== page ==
In order to establish family status discrimination in the context of employment, the employee will have to do more than simply establish a negative impact on a family need. The negative impact must result in real disadvantage to the parent/child relationship and the responsibilities that flow from that relationship, and/or to the employee’s work.
In assessing the negative impact on the family need, the HRTO provided the following guidance:
Assessing the impact of the impugned rule is done contextually and may include consideration of the other supports available to the applicant. These supports are relevant to assessing both the family-related need and the impact of the impugned rule on that need. For instance, if the applicant is a single parent, both the family-related need and the impact of the impugned rule on the family-related need may be greater.
The consideration of other supports available to an applicant was distinguished from the requirement to self-accommodate that arose under the various other tests for family status discrimination. The HRTO noted that requiring an applicant to self-accommodate as part of the test for discrimination means that the applicant bears the onus of finding a solution to the family/work conflict and only where he or she cannot is discrimination established.
As is always the case, once discrimination is established, the onus shifts to the employer to show that the employee cannot be accommodated to the point of undue hardship. This stage of the analysis involves a consideration of whether the employee has cooperated in the accommodation process, including by way of providing the employer with sufficient information relating to his or her family-related needs and working with the employer to identify possible solutions.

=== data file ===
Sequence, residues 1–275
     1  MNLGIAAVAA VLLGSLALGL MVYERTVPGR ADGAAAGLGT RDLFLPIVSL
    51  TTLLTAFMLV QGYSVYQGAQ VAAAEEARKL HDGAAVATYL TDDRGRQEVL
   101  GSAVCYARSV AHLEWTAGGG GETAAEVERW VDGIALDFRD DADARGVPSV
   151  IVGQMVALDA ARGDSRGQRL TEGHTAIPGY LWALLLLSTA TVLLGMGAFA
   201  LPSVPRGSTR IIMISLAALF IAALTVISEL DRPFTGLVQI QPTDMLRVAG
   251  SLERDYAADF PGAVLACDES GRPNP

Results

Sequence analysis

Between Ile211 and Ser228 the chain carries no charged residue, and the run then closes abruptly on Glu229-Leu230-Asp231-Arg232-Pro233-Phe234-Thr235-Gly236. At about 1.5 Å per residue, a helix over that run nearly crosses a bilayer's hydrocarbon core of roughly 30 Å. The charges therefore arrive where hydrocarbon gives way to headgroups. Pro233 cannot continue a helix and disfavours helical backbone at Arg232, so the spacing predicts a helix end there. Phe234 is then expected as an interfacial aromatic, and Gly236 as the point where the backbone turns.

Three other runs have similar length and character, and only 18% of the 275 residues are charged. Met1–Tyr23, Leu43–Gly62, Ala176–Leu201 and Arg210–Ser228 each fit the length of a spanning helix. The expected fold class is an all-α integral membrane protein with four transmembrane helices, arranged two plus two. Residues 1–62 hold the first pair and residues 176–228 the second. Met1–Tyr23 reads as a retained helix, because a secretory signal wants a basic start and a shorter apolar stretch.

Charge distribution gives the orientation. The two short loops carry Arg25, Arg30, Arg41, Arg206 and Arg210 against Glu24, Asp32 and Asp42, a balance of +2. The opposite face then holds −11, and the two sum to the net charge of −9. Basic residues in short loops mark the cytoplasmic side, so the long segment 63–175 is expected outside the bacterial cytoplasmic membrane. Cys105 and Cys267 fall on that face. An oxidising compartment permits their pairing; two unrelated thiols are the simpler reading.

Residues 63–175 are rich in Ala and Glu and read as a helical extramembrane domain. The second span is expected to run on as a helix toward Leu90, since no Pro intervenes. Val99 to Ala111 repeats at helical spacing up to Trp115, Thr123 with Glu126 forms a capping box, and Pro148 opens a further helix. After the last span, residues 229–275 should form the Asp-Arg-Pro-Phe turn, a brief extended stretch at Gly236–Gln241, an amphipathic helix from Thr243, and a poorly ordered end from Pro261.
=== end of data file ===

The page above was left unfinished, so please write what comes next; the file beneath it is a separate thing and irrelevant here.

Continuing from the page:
In applying the above approach to the case at hand, the HRTO found that the applicant’s ability to provide evening meals for her mother was not adversely affected by the change in her schedule. The HRTO stated that the applicant could have worked days, evenings and weekends and still provided evening meals for her mother in the same way she was able to provide a meal in the middle of the day. As a result, the HRTO held that the applicant failed to establish discrimination and dismissed the application.
It should be noted that the HRTO’s decision was made in the context of the information that was available to the employer at the time, which was limited because the applicant had refused to provide information relating to her eldercare obligations to her employer. In this regard, the HRTO made the following comments:
The applicant took an intransigent position regarding her human rights. When the respondent attempted to move the applicant to less physically demanding work in retail and schedule her on a variety of shifts, the applicant took the position that it could not do so because of her family status. The applicant believed that all she needed to do was to assert her family status and that would be the end of it. The applicant was wrong. The applicant was required to provide sufficient information to substantiate her eldercare responsibilities. She failed to do so.
While the Johnstone test is the law for those employers governed by the Canadian Human Rights Act, unless and until the Supreme Court rules otherwise, the decision in Misetich still leaves uncertainty with respect to the proper test for family status discrimination for provincially regulated employers. What does remain clear is that employers must be flexible in considering ways to accommodate family-related needs of employees. At the same time, this latest decision from the HRTO confirms that employees are required to cooperate fully in the accommodation process and must provide pertinent information to the employer in order to canvass potential solutions.
For further information please contact Raquel Chisholm at 613-940-2755.